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OVERNIGHT ENERGY: Trump signs major conservation bill into law | Senate votes to confirm Energy's No. 2 official | Trump Jr. expresses opposition to Pebble Mine project

OVERNIGHT ENERGY: Trump signs major conservation bill into law | Senate votes to confirm Energy's No. 2 official | Trump Jr. expresses opposition to Pebble Mine project
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GAOA MORNING AMERICA: President TrumpDonald TrumpBiden to hold virtual bilateral meeting with Mexican president More than 300 charged in connection to Capitol riot Trump Jr.: There are 'plenty' of GOP incumbents who should be challenged MORE on Tuesday signed a major piece of conservation legislation into law as he and other Republicans seek to tout such accomplishments ahead of the elections in November. 

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Trump signed the Great American Outdoors Act, which would provide $900 million annually in oil and gas revenues for the Land and Water Conservation Fund (LWCF), which helps secure land for trails and parks.

The legislation would also provide billions of dollars over five years to address a maintenance backlog at national parks. 

"We're here today to celebrate the passage of truly landmark legislation that will preserve American's majestic natural wonders, priceless historic treasures ... grand national monuments and glorious national parks," Trump said at the signing.

His support for the legislation is a reversal of his previous desire to slash the LWCF. In his budget wishlist for the next fiscal year, Trump proposed slashing the LWCF’s funding by nearly 97 percent. The administration’s budget proposals from past years had also suggested significant cuts to the LWCF. 

Announcing his reversal to support the LWCF funding in March, Trump credited two GOP senators, Sens. Cory GardnerCory GardnerBiden administration reverses Trump changes it says 'undermined' conservation program Gardner to lead new GOP super PAC ahead of midterms OVERNIGHT ENERGY: Court rules against fast-track of Trump EPA's 'secret science' rule | Bureau of Land Management exodus: Agency lost 87 percent of staff in Trump HQ relocation | GM commits to electric light duty fleet by 2035 MORE (Colo.) and Steve DainesSteven (Steve) David DainesIndigenous groups post billboards urging senators to confirm Deb Haaland Kennedy apologizes for calling Haaland a 'whack job' The Hill's Morning Report - Presented by The AIDS Institute - Ahead: One-shot vax, easing restrictions, fiscal help MORE (Mont.), who are both up for reelection this fall and running in races considered toss-ups. Holding either or both of those seats could be key to Republicans’ hopes of keeping their Senate majority.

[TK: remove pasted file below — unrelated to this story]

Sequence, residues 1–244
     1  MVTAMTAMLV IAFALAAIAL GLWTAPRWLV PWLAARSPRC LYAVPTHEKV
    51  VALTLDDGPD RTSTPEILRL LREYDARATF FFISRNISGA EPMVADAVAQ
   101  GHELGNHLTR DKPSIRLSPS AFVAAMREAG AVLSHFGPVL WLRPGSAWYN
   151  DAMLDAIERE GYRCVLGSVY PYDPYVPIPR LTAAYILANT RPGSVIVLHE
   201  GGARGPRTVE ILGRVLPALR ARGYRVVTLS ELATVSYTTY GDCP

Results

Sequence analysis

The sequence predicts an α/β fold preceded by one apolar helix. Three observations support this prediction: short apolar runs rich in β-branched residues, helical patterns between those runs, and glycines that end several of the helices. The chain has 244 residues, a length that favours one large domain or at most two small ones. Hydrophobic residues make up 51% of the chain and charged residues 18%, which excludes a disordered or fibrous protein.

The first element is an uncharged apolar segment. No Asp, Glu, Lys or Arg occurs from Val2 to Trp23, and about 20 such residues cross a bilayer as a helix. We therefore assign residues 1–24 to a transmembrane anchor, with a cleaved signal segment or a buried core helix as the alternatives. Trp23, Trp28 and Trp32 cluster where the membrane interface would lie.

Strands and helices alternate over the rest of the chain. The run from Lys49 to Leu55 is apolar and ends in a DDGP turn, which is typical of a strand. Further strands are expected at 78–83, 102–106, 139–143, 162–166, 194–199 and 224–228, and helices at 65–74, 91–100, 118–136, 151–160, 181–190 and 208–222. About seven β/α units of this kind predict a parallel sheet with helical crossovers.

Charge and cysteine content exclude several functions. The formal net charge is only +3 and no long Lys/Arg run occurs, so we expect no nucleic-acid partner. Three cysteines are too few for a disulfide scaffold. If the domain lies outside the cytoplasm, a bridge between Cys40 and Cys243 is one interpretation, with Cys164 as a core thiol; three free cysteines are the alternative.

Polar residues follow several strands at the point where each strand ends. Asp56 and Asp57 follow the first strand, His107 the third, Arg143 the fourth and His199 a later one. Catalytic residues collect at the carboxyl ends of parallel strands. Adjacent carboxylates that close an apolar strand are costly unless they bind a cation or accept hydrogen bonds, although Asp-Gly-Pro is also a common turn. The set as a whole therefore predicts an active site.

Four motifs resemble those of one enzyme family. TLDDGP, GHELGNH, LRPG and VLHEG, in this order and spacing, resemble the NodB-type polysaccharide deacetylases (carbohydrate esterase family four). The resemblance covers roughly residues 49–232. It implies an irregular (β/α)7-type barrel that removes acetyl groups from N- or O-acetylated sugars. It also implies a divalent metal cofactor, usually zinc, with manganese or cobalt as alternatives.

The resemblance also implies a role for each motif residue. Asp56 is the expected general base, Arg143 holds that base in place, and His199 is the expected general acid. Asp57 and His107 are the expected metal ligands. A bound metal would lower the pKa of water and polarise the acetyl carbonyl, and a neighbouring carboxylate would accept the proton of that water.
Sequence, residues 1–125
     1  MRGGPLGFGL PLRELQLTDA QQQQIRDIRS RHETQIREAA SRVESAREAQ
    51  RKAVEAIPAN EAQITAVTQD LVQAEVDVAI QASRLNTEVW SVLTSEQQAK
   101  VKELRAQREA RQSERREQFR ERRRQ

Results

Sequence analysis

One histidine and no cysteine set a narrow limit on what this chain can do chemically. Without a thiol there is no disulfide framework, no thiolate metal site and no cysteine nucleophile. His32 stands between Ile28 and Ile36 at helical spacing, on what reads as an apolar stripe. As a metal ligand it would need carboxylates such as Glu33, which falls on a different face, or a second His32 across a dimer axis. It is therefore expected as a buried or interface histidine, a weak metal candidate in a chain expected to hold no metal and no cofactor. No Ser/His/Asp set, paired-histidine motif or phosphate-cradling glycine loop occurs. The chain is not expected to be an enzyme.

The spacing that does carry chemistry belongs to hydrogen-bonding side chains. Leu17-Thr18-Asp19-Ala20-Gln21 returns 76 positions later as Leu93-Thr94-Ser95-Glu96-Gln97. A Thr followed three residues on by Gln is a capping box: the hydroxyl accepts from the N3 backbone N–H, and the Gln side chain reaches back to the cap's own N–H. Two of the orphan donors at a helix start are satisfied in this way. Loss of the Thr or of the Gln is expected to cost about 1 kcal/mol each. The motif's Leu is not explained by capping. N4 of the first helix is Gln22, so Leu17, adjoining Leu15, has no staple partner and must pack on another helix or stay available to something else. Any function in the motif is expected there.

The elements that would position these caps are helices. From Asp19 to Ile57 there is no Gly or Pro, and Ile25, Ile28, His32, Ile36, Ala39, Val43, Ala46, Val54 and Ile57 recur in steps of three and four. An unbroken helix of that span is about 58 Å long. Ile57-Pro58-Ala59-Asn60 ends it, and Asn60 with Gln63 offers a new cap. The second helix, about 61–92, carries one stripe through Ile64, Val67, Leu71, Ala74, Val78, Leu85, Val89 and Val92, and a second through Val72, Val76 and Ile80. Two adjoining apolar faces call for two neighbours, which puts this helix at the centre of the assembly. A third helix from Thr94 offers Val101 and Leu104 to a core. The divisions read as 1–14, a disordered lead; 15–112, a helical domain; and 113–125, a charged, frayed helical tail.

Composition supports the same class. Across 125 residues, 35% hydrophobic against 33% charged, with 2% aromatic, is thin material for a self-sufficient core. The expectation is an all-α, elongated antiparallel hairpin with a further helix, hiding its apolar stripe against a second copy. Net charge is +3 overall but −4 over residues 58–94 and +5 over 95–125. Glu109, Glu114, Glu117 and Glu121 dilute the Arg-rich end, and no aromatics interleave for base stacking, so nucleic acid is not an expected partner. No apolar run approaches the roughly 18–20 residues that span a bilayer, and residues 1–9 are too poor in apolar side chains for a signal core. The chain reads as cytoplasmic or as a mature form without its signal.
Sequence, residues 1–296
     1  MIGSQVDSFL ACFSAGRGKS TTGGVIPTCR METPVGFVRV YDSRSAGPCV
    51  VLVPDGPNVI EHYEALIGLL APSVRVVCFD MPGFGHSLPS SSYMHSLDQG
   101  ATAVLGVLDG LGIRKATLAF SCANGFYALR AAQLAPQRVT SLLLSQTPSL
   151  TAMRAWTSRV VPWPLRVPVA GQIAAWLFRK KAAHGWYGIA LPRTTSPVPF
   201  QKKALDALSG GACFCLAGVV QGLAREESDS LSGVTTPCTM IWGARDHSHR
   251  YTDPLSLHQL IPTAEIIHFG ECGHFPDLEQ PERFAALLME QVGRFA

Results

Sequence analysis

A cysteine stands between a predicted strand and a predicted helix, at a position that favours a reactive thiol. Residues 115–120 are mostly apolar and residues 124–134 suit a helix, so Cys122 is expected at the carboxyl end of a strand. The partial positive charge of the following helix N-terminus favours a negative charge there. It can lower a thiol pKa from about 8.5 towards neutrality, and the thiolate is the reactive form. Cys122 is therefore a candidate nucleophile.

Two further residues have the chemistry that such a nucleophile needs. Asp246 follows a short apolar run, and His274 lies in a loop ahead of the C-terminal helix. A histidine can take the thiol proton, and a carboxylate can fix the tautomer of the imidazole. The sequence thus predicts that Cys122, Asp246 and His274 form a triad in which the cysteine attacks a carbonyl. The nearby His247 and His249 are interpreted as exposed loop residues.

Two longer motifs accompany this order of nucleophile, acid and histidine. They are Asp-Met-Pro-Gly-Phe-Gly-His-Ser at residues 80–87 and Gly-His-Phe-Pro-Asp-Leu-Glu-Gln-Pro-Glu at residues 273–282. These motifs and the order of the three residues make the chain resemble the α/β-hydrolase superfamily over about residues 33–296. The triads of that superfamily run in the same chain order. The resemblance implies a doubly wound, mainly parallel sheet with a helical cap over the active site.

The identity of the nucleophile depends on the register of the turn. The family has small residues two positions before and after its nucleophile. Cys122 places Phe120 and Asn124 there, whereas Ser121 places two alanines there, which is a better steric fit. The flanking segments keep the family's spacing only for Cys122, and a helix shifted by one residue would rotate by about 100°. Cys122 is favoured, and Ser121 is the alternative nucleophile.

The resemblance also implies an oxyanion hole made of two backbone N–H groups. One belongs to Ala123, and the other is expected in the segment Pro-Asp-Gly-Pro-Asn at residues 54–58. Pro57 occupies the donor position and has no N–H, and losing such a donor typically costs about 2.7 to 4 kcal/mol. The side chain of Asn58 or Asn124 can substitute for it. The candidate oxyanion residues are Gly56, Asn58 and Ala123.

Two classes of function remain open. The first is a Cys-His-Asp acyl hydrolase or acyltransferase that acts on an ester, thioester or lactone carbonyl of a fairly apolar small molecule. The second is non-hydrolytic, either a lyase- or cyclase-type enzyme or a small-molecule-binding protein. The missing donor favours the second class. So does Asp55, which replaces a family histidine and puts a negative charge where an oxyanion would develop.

"When I sign it into law, it will be HISTORIC for our beautiful public lands. ALL thanks to @SenCoryGardner and @SteveDaines, two GREAT Conservative Leaders!" Trump tweeted in March. 

Asked how the lawmakers convinced Trump to support the measures, Gardner told reporters in June that he and Daines had made the argument in a meeting earlier this year with Trump and Senate Majority Leader Mitch McConnellAddison (Mitch) Mitchell McConnellTrump at CPAC foments 2022 GOP primary wars Hawley gets boisterous ovation at CPAC for Electoral College objection   Why Congress must invoke the 14th Amendment now MORE (R-Ky.). 

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“We spoke for probably over an hour or so in this meeting with the president about what the two components meant, how they worked, how they were funded,” Gardner said.

“And then I showed him a picture of the Black Canyon Of The Gunnison National Park and I think Steve showed a picture as well and he looked at the park and said ‘it’s beautiful’ and we pointed up at the picture of Teddy Roosevelt on the wall and said this could be the biggest accomplishment going back to Teddy Roosevelt,” he added. 

On Tuesday, Trump again praised the senators, as well as several other Republican lawmakers and officials who were at the event. He did not mention any Democrats, and a spokesperson for Sen. Joe ManchinJoseph (Joe) ManchinHouse Democrats pass sweeping .9T COVID-19 relief bill with minimum wage hike Democrats scramble to rescue minimum wage hike White House noncommittal on 'Plan B' push to add wage increase to relief bill MORE (W.Va.) said that he and other Democratic sponsors of the bipartisan legislation were not invited.